Tech in Focus: Electronic Logs

PeopleNet’s eDriver Logs, released in early 2003, have been adopted by about 70 percent of its private fleet customers.

In January 2004, Sinclair Oil equipped its fleet with onboard computers. In July it converted to paperless driver logs. Coincidentally, July 2004 was the same month that a federal appeals court stopped just short of ordering the Federal Motor Carrier Safety Administration to consider whether to make electronic onboard recorders mandatory. FMCSA promptly issued an advance notice of proposed rulemaking on the subject.

To date, hundreds of drivers and carriers have submitted comments to FMCSA mostly opposing mandatory use of electronic recorders. But Sinclair Oil fleet manager Danny Hansen doesn’t understand what the fuss is about. The 93-truck Salt Lake City-based company uses a wireless fleet management system from Xata to increase fleet safety through real-time monitoring of driver and vehicle performance. It also has increased driver productivity and efficiency through automated logbooks.

“The drivers love it,” Hansen says. “They were able to add more time to their day.” For example, with electronic logs, a driver knows that he has 5 hours, 39 minutes left of driving time, whereas with paper logs, drivers record their duty status in quarter-hour, half-hour and full-hour segments.

Today, onboard computers and real-time communications between the truck and office are used by thousands of fleets of all sizes. For many of these fleets, the technology infrastructure already exists to add electronic logs at minimal cost. All that would be required is to activate the feature and move from paper to electronic logs.

PeopleNet has offered electronic logs since early 2003. About 70 percent of the private fleets that use PeopleNet’s onboard computing and mobile communications system have adopted the electronic logs feature, says Brian McLaughlin, vice president of marketing. PeopleNet’s web-based eDriver Logs application costs $8 monthly per vehicle, with no additional fees for more than one driver using the same in-cab computer and no software or upfront fees.

In 2003, Xata launched Xatanet, a web-based fleet management system that includes electronic logs. The company has offered electronic logs since 1989, and approximately 85 percent of its customer base (mostly private fleets) uses the application. Xatanet offers electronic logs for $5 monthly per vehicle over the cost of the base system (approximately $2,000) and monthly service fees, he says.

Qualcomm Wireless Business Solutions last year began developing a web-based electronic log application for OmniTracs customers. The company has not formally announced availability and pricing for the new service, but Norm Ellis, Qualcomm vice president and general manager, says the application will be available this summer for several dollars monthly per truck.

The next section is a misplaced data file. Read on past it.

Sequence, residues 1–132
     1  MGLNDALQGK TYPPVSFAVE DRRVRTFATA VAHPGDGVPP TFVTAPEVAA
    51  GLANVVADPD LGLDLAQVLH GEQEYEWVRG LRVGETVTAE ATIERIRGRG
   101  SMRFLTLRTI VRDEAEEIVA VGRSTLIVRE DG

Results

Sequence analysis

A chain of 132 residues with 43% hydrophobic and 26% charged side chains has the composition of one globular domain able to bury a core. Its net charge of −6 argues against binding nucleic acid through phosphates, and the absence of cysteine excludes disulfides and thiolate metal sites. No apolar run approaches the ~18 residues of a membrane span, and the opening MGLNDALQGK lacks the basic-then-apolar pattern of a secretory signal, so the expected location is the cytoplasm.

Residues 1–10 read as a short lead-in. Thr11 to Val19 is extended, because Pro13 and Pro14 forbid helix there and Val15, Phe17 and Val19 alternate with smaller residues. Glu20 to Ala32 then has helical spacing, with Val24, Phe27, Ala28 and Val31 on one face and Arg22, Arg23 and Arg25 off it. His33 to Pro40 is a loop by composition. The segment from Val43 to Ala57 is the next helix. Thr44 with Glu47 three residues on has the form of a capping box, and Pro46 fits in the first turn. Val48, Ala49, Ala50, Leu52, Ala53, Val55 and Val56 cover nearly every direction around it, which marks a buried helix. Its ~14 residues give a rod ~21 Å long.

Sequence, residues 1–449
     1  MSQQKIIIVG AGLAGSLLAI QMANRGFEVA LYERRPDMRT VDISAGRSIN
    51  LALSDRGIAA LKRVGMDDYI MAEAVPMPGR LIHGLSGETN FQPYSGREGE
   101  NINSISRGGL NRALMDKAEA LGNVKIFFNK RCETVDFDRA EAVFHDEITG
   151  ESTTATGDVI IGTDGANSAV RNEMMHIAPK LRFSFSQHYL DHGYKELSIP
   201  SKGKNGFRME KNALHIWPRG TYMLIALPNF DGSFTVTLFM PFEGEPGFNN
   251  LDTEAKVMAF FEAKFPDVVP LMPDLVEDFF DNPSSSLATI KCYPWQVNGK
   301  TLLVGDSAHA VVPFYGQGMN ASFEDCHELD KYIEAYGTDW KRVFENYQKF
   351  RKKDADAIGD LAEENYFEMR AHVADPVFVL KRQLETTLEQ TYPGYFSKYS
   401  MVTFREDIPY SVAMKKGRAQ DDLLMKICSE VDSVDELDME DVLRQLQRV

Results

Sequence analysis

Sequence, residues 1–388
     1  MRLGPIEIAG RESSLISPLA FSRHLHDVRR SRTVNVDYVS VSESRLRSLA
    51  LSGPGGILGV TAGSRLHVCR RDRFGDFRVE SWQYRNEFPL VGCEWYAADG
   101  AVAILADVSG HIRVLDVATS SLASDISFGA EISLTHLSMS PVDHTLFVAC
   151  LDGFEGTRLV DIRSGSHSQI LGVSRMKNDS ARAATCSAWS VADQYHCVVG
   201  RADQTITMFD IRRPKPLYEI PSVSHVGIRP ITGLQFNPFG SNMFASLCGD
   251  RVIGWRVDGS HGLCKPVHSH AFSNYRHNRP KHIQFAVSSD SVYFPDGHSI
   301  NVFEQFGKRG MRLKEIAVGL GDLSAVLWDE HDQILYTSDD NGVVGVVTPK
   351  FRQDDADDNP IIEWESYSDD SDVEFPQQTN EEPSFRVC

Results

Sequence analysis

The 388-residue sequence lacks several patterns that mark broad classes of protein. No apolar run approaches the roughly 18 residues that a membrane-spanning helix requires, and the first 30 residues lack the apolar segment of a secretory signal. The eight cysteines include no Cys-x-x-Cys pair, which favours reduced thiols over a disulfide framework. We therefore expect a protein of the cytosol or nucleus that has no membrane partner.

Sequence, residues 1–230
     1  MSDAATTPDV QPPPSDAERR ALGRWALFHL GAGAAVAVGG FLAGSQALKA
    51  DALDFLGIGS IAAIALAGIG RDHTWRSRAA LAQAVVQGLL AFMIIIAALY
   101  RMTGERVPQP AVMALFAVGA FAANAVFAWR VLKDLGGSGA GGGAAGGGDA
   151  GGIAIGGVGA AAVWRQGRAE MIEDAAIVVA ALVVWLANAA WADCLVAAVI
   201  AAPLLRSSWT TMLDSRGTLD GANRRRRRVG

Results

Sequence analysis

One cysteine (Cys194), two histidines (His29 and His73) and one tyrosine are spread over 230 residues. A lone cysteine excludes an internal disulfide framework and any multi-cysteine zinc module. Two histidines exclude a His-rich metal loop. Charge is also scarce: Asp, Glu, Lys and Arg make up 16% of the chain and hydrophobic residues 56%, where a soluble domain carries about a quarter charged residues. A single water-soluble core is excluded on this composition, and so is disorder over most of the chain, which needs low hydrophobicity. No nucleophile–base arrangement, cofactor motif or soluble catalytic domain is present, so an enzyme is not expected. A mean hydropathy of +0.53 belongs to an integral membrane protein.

Since 1998, Qualcomm customer Werner Enterprises has used a proprietary paperless logs application for its OmniTracs system, but Werner had to obtain first waivers and then an exemption because its system doesn’t fully comply with FMCSA’s regulations (Part 395.15) governing automated driver logs. Qualcomm currently offers electronic logs that comply with 395.15 through its FleetAdvisor system using the MVPc onboard computer. Nearly all of the customers with FleetAdvisor use electronic logs, Ellis says.

GeoLogic Solutions (formerly Aether Systems) also is developing a driver logs application. “Geologic understands that the market needs driver logs and will be using automated driver logs,” says Norman Thomas, director of product development. The company plans to launch the application in the second half of 2005 as an option for its MobileMax system.

Electronic logs applications also can run on cell phones, thanks to the wide availability of GPS handsets today. In 2003 Xora launched TimeTrack – a web-based application for GPS handsets such as Nextel phones – to track employee’s timesheets, jobs and location. Last year, Xora developed DOT Logs, an electronic logs application for its TimeTrack product. In August, Xora asked FMCSA for an exemption from 395.15, specifically the regulation that requires the onboard recorder to be synchronized to the vehicle, says David Adams, Xora’s DOT Logs product manager. That’s the same requirement that forced Werner to obtain an exemption for its system.

Despite having the infrastructure in place, the primary reason for the slow adoption among carriers – especially for-hire carriers – is neither a cost problem nor an enforcement issue. Carriers worry about electronic data getting into the hands of trial lawyers, says trucking consultant Lana Batts.

In the event of an accident, even if a carrier is not at fault, lawyers successfully have used logbook violations to prove “joint and several” liability, Batts says. In other words, an accident is caused by a combination of faults. If a carrier can be proved just 1 percent responsible for the accident – say, for example, an electronic logbook shows a driver violated his driving time by 10 minutes – the carrier ends up paying the majority of the settlement because it is the only one involved in the accident with significant assets, says Batts.

The main factor that could help increase the number of carriers that use electronic logs is a law that would assure that onboard recorder data would be used only for enforcement purposes by outside parties (i.e. the FMCSA), Batts says. A similar existing law allows the airline industry to protect data in flight recorders.

For more information about FMCSA’s requirements for electronic logs (395.15), visit this site. For industry comments regarding mandatory recorders, visit this site and search Docket No. 18940.